The measurement of return-on-investment (ROI) has been applied to many different types of organizations and community resources. While common in the for-profit sector, the application of benefit/cost, cost-effectiveness, impact and return-on-investment measures to libraries has lagged behind considerably. Part of the difficulty has been in quantifying benefits from non-priced goods and services that can differ from use to use, user to user, as well as from library to library (as their mix of service offerings vary). In today’s climate of strained budgets and pressures for increased accountability and transparency, the need for clear and accurate statements of how public monies are allocated and used, and the resulting benefits or outcomes, is paramount in ensuring continued investment.
This Summary Report describes a comprehensive study to assess taxpayer return-on-investment in Florida’s public libraries. The study used a variety of data collection and analysis methods including the public library annual data reports, and an input-output econometric model (REMI). Public libraries allow users to share knowledge and services at a cost to them as taxpayers and in the time they spend using the libraries; however, all taxpayers in Florida benefit from the public libraries through their considerable contribution to education, the economy, tourism, retirement, quality of life, and so on. There are many ways to determine how
public libraries contribute to the State’s economy and how taxpayers achieve a return on their investment.
Making Cities Stronger: public library contributions to local economic development
Urban Libraries Council USA, 2007
Public libraries are logical partners for local economic development initiatives that focus on people and quality of life. Libraries are widely available, highly regarded public institutions that provide a broad range of information services and support for diverse constituencies. Public access to digital information and technology is a draw for libraries. Their open structure, combined with the power of new digital collections and technology, position them to help communities make the transition from manufacturing and service economies to high tech and information economies.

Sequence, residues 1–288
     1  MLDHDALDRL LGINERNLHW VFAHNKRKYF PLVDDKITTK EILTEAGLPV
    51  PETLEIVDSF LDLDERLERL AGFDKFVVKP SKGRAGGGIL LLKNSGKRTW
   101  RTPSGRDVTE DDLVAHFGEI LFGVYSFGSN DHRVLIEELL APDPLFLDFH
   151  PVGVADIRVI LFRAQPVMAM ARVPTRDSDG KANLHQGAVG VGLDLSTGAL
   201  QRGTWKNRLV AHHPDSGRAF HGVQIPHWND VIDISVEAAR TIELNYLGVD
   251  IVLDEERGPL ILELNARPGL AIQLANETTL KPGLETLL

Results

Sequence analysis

Full text http://www.urbanlibraries.org/files/making_cities_stronger.pdf
Are public libraries worth their price?: A contingent valuation study of Norwegian public libraries
The paper reports from a valuation study of the Norwegian public libraries, aiming to provide a better understanding of their total value, both use and non-use value, as viewed by the population. An objective was to explore whether or not the citizens found that their benefits outweighed the costs to provide them.
Hawkins, M., Morris, A. & Sumsion, J 2003, Performance Measurement and Metrics, vol. 4, no. 1, pp. 13-27.
The theory underlying the economic value of library benefits is outlined, and research (mainly in Australia and New Zealand) is reviewed. A UK research project examined four methods of assessing benefits in economic terms with particular attention to a consensus “market value” model. In developing the “market value” model one key variable is the relationship of book reads to book prices. A prototype value added schedule gives estimates of value for different library services to compare estimated total benefits with total costs. For UK public libraries, calculations show that the economic value of library benefits exceeds costs incurred, with social and intangible benefits in addition. New performance indicators are suggested by the research. It is shown how the methodology can be extended from public libraries to a parliamentary library and also to the economic and social costs of crime.
The authors observe that over the past decade, public library valuation researchers have adopted valuation methods from the field of economics that allow the library to put a dollar value on its programs and services and show efficient use of tax dollars in cost/benefit terminology. The field has grown from simple questionnaires to complex surveys, and from simple economic cost/benefit assessments to complex economic algorithms and forecasts.